Winterizing Your RV or Camping Trailer
Written By: Jerome Tyson
Last Updated: 2021-01-13
As the days get shorter and the nights grow colder, every serious RV’er is reminded of how they have to make the difficult choice of whether they should park their RV for the winter or if they should simply roam around until they find greener pastures (literally). If you fall in the latter category, we’re envious. But those of us who are faced with the difficult choice of calling it a season, must follow that decision up by taking the steps necessary to winterize their rig.
When it comes to winterizing, a lot of the work goes into protecting the plumbing system in your RV and rightfully so. Your RV is likely going to spend a lot of nights outdoors in subfreezing temperatures and you do not want the water remaining in your plumbing to freeze and expand in the lines causing them to crack and leak when the weather starts becoming benign come spring. It will be handy to have a number of supplies related to this as described below:
Equipment You Will Need
- RV antifreeze. Though the amount needed would vary based on the size of the RV but usually up to 3 gallons should suffice for most small to mid-size RV’s (obviously more for larger systems).
- A water heater by-pass kit (unless already installed).
- Holding tank cleaning wand.
- Water pump converter kit (or tubing to connect to the inlet of the water pump).
- Anode rod replacement for your water tank.
- Air compressor (nice to have, but not necessary).
- Battery tender designed for deep cycle batteries.
General Instructions for Winterization
DISCLAIMER: You should follow the instructions outlined in your RV’s user manual - period. Each trailer is different, but should you remain adamant to do it yourself, you can follow these general steps outlined below:
- First, remove and bypass inline water filters if you have any.
- Drain all the water from your fresh water holding tank.
- Drain out and flush the holding tanks (usually grey and black). Some RV’s have a built-in flushing system for your holding tanks. But if your RV didn’t come with one, you can clean it out with a wand.
- Next, make sure that the water heater isn’t hot and is not under pressure. Also make sure that no water is connected to the RV and the 12-V water pump (if equipped) is turned off. Once confirmed, remove the drain plug and open the pressure release valve to drain the water heater.
- Turn on all hot and cold faucets, toilet valves and outside shower.
- Open the low point drain lines. There should be one for hot and cold water each. If you have a water pump, it will help force the water out but turn it off as soon as the system is clear of all water.
- Recap all drains and turn off all the faucets.
- Now you want to run antifreeze in your water lines but before you do, you must by-pass the water heater. Without having a by-pass kit installed, the water heater will fill up with antifreeze before it goes through the lines wasting gallons of antifreeze.
- Install a water pump converter kit or disconnect the line coming from the fresh water holding tank into the water pump. Connect one end of a clear tubing to the inlet side of the pump and put the other end into a gallon container of non-toxic RV antifreeze.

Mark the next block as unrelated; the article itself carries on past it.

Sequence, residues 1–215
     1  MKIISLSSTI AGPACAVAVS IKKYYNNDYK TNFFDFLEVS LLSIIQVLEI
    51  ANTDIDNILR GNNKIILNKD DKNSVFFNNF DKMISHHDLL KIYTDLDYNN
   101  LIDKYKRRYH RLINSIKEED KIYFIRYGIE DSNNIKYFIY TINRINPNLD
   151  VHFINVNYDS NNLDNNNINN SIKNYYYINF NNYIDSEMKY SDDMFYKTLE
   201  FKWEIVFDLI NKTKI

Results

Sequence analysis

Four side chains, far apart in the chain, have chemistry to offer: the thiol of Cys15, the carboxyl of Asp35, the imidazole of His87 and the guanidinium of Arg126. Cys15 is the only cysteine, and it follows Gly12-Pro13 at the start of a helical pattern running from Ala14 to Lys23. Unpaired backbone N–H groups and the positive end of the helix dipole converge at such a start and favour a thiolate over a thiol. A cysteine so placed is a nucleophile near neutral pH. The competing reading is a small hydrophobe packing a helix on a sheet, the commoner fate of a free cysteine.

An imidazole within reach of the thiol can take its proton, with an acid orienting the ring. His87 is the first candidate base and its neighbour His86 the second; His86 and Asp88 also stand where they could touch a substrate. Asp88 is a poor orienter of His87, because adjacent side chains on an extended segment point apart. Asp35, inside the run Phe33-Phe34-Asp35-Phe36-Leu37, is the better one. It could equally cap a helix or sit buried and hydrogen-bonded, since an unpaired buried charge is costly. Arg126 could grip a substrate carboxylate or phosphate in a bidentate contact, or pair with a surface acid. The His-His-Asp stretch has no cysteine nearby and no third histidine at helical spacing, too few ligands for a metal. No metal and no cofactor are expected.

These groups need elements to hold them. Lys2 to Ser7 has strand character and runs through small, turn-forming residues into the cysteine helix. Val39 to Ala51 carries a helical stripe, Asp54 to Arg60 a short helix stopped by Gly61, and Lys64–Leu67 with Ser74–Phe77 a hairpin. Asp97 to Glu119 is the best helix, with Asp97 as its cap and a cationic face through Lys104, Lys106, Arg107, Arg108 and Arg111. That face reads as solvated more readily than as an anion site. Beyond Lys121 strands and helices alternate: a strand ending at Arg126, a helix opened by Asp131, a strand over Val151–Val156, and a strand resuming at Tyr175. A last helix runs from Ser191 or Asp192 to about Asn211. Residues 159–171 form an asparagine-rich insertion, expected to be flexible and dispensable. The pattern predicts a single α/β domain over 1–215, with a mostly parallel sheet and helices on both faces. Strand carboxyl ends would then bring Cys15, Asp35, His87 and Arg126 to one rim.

- Turn the water pump on to pressurize the system. Start with the faucet closest to the pump and slowly open the hot and cold valves until they start running antifreeze. Close the valve and move on to the next faucet replacing antifreeze containers as necessary. Do this for all faucets including the outside shower if your RV is equipped with one.
- Flush the toilet until antifreeze appears there as well.
- Turn the water pump off and open a faucet to release the pressure.
- On the outside of your RV, locate the city water inlet and remove the small screen over the inlet. Push in on the valve with a screwdriver until you see antifreeze. Replace the screen cover.
- Pour a cupful of antifreeze down each drain, toilet and flush into the holding tank.
- If your water heater is equipped with an electric heating element, turn it off.
- Shut off all the faucets.
- Now that majority of the plumbing related items are taken care of, wrap things up by putting your battery on tender, removing the propane tanks, sealing up the trailer by covering all vents and holes to keep the critters out, check for and repair any broken seals around windows, doors and the skylights and remove any food and laundry before covering your RV with a tarp or ideally, some sort of breathable material so that mold doesn’t grow on any of the surfaces.
- If tires are left to hold weight in spot (i.e. while parked) over a long duration, they can grow weak. Consider taking the pressure off them.
- Consult the owner’s manual to determine how to winterize your specific icemaker and washing machine (if equipped).
- While visiting your washing machine and fridge etc, make sure that there is no food or laundry left behind. Also, be sure to remove all valuables from the RV.
- Walk around the RV and cover all vents and holes with some type of mesh guard including the tailpipe. This is to ensure that no birds, rodents or critters take up habitat anywhere in your RV. You can also place rodent repellent around the exterior of your rig.
- Cover your RV with a tarp or ideally, some sort of breathable material so that mold doesn’t grow on any of the surfaces.
- Again, keep in mind that some RVs come with built in winterizing controls therefore make sure to read your owner’s manual.
- After following the steps above, your RV should be in good shape to hit the road once the grey skies scatter and the sun shines through the cloud once again.